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Terrorism

New Zealand's relative isolation suggests the likelihood of a terrorist incident is less likely than other places in the world. However, terrorist incidents such as threats or hoaxes do occur. Incidents need to be treated as if they are real until the safety of the public is assured and the threat confirmed as false.

Everyone should be aware of the potential for terrorist incidents and take some basic precautions.

General Awareness

  • During your daily routines remain alert to any unusual activity, particularly in public areas where people naturally gather such as shopping malls, sporting events, train stations, bus terminals and airports.
  • Look out for abandoned packages and bags. Police deal with all such items as if they may contain an explosive device or other dangerous substance. If you see a suspect package leave it where it is.
  • Trust your instincts. If you feel something is wrong, ring the Police immediately. This has proved to be vital in many cases.
  • If you have information about possible bomb threats or other immediate threats of any kind, call the Police on 111.
  • Take time to appreciate your surroundings, so you can readily identify items that are out of place or have been recently introduced into the environment. Police attending incidents will ask you questions relating to items within your workplace, home and other surroundings.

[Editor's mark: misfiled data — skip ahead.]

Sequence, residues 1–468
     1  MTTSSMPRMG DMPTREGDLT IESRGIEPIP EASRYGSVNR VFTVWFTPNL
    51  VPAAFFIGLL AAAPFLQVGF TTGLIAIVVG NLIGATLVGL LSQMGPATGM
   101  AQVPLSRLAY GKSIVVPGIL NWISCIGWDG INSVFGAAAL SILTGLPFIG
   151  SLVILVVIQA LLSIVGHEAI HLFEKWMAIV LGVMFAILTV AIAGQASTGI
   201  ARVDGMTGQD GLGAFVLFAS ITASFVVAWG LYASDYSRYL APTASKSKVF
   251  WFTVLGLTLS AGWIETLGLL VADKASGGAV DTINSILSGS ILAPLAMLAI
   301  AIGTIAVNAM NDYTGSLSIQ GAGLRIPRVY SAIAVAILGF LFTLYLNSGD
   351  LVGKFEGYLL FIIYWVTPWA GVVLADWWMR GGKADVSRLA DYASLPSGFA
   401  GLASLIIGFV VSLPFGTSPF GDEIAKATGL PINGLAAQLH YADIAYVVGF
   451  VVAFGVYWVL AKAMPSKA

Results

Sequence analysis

During a Terrorist Attack

  • Stay inside or get inside quickly.
  • Listen to your radio or television for information and follow civil defence and police advice.
  • In a building explosion, get out of the building as quickly and calmly as possible. Stay low to the floor and exit the building as quickly as possible.
  • When approaching a closed door, use the palm of your hand and forearm to feel the lower, middle and upper parts of the door. If it is not hot, brace yourself against the door and open it slowly. If it is hot to the touch, do not open the door--seek an alternate escape route.
  • Heavy smoke and poisonous gases collect first along the ceiling. Stay below the smoke at all times. Cover your nose and mouth with a wet cloth.

After a Terrorist Attack

  • Be aware of any possible chemical or biological attack and phone 111 if you believe you've been exposed. If you can’t get to a hospital, shed all your clothes as quickly as possible (Don't bring the clothes inside because you may spread contamination). Go straight to the shower and thoroughly wash all body parts with coarse soap.
  • Don’t go sightseeing.
  • Don’t leave home unless advised to by Civil Defence.
  • If you have to evacuate, take your Survival Kit with you and turn electricity and gas off at the mains.
  • If you are trapped in debris:
    • Use a flashlight.
    • Stay in your area so that you don't kick up dust. Cover your mouth with a handkerchief or clothing.
    • Tap on a pipe or wall so that rescuers can hear where you are.
    • Use a whistle if one is available. Shout only as a last resort--shouting can cause a person to inhale dangerous amounts of dust.